A PolitiFact analysis in June ruled that claim "mostly false."
The bill "permits abortion up until delivery, but only if it is deemed necessary to protect the life of the patient. It does not explicitly require states to keep the procedure legal in all cases past the point of fetal viability," according to PolitiFact.
U.S. Rep. Debbie Wasserman Schultz, D-Fla., hearkened back to that constitutional argument.
"The Supreme Court has made the decision. That is really what the problem is here. There's a question that needs to be answered: Who gets to decide? Does the government get to decide whether and when a woman can be pregnant? Or is that a personal healthcare decision that should be made and left to the woman, her family, her faith, and her doctor?".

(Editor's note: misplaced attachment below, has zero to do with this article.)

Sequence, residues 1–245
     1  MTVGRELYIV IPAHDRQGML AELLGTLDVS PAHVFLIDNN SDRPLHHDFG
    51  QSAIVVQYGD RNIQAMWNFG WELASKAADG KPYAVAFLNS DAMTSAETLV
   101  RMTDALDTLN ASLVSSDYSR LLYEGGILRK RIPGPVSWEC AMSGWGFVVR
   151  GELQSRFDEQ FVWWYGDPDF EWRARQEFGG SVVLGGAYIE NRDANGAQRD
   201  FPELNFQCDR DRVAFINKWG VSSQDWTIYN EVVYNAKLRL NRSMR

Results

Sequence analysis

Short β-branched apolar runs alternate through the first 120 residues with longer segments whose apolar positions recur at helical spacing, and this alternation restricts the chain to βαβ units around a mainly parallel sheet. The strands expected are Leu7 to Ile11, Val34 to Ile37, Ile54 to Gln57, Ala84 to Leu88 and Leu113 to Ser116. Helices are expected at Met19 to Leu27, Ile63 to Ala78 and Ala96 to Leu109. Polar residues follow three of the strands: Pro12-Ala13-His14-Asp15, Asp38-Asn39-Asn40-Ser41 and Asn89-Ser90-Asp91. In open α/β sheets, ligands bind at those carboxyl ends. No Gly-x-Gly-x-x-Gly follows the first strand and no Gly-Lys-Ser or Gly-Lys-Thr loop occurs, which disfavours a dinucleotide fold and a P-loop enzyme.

GOP lawmakers also rejected arguments by witnesses on the panel that safe and legal abortion is a critical component of self-determination by pregnant people as they try to make the best decision for themselves and their families.
"This extreme bill, the Women's Health Protection Act, would place the United States in the company of countries such as China and North Korea," U.S. Rep. Virginia Foxx, R-N.C., said. "It is the Democrats who hold extreme positions on abortion, and they are contrary to the will of most Americans. It's one thing to determine what happens in your own body. It's another [thing] to determine the fate of the unborn child you are carrying."